Government confirms state pension rate for 2022 to 2023
The Department for Work and Pensions (DWP) has confirmed that the state pension will rise by 3.1% next April, in line with the consumer price index (CPI).
The decision was enabled after plans to scrap the triple lock for one year received Royal Assent in November. The legislation temporarily suspended the earnings element of the triple lock for one year only, following distortions to the earnings statistics.
This means the basic state pension will increase to £141.85 per week next year and the full rate of new state pension will increase to £185.10 a week.
The Government said that in taking this decision, it carefully considered the fairest approach for both pensioners and younger taxpayers, many of whom have been hardest hit by the financial impacts of the pandemic. It said it planned to return the earnings element of the triple lock next year.
All other benefits will also be increased in line with CPI of 3.1%. this includes working-age benefits, benefits to help with additional needs arising from disability, carers’ benefits, pensioner premiums in income related benefits, statutory payments, and additional state pension.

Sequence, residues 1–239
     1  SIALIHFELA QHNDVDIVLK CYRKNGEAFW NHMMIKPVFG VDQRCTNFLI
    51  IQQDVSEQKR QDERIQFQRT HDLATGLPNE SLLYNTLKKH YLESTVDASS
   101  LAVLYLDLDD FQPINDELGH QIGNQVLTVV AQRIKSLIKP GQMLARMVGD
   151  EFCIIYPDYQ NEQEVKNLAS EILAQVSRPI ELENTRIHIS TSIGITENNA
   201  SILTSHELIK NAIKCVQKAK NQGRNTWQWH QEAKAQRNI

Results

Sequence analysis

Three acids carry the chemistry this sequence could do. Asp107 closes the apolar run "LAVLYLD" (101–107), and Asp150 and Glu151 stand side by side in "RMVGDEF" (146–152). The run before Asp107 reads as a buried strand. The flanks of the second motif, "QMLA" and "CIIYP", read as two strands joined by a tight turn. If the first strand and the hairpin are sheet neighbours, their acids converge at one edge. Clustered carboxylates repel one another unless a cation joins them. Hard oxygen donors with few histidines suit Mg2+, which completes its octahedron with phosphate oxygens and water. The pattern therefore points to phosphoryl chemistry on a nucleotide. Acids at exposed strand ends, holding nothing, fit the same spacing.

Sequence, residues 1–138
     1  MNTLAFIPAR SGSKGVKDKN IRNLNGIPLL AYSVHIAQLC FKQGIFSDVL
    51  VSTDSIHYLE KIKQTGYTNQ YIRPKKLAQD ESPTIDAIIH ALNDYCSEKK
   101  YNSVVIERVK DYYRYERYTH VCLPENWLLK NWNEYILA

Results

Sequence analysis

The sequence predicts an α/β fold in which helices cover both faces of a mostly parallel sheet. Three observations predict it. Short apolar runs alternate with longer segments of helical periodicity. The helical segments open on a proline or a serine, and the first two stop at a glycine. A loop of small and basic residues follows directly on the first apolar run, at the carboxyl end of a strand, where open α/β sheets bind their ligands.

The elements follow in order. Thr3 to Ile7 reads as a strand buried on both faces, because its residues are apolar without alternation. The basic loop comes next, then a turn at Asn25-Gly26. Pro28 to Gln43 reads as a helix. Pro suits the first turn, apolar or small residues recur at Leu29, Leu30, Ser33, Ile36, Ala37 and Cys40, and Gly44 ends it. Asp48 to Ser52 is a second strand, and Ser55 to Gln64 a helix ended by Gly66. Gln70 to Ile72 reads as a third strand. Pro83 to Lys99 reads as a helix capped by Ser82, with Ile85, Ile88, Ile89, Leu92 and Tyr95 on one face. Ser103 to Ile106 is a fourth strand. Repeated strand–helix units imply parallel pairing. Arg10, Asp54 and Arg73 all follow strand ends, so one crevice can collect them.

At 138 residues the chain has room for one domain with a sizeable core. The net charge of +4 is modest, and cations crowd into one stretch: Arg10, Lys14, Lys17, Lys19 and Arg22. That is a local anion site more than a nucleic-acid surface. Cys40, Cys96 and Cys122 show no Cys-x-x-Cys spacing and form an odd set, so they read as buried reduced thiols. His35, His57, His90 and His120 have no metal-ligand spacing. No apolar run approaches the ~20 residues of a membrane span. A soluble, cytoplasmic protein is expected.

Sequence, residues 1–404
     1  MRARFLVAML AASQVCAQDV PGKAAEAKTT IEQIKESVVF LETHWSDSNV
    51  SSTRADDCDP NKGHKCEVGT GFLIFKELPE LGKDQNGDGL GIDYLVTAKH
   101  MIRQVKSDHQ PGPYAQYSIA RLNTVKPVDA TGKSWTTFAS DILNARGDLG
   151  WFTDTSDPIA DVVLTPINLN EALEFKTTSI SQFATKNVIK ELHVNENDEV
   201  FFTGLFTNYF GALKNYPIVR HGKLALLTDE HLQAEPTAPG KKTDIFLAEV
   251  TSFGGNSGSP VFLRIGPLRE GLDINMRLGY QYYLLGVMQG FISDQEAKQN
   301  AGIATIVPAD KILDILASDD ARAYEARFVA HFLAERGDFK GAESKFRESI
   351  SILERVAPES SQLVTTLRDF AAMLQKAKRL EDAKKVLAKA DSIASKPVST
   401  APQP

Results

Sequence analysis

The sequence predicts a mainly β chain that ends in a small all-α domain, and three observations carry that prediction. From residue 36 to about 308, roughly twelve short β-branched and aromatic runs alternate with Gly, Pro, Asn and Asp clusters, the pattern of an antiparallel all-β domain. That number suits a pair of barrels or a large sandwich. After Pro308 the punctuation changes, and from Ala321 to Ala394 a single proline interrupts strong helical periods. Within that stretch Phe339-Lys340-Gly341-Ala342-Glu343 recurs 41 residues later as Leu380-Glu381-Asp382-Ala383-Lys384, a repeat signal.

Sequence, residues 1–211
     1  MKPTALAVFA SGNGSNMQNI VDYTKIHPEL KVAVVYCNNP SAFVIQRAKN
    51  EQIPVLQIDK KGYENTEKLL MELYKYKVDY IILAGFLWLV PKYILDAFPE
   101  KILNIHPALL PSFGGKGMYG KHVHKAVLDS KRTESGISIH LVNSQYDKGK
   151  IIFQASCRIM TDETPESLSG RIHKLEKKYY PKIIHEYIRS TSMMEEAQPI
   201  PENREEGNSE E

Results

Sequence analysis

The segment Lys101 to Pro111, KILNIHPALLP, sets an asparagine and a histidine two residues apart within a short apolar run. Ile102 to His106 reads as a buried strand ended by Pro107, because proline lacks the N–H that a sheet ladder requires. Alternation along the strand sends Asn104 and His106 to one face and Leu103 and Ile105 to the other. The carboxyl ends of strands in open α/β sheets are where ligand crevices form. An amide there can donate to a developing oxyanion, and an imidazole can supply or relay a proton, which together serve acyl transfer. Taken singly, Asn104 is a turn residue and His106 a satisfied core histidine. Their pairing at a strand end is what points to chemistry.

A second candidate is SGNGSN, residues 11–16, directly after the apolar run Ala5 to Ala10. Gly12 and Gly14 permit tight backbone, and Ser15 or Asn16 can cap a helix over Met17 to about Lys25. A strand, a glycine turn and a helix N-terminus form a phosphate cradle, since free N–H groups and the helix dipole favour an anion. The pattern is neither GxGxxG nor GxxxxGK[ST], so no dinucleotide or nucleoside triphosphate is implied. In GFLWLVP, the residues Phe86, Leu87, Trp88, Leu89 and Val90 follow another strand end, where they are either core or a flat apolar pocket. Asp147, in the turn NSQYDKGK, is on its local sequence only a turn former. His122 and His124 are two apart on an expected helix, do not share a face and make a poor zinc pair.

Becky O'Connor, head of pensions and savings at Interactive Investor, said “Many pensioners will be disappointed with this rise which doesn't cover the rises they are experiencing in real time in the cost of heating and eating.”
“They will be left worrying about how they will manage their bills over the coming year. It will be cold comfort to them that the inflation they are struggling with now will be reflected in next year’s uprating.”
“The decision to scrap the triple lock for a year proved controversial, despite being justified by extremely high post-pandemic earnings figures, amid rising inflation since September. The Government must maintain its commitment to reinstate the lock next year and do more to boost the uptake of pension credit among the poorest pensioners in the meantime.”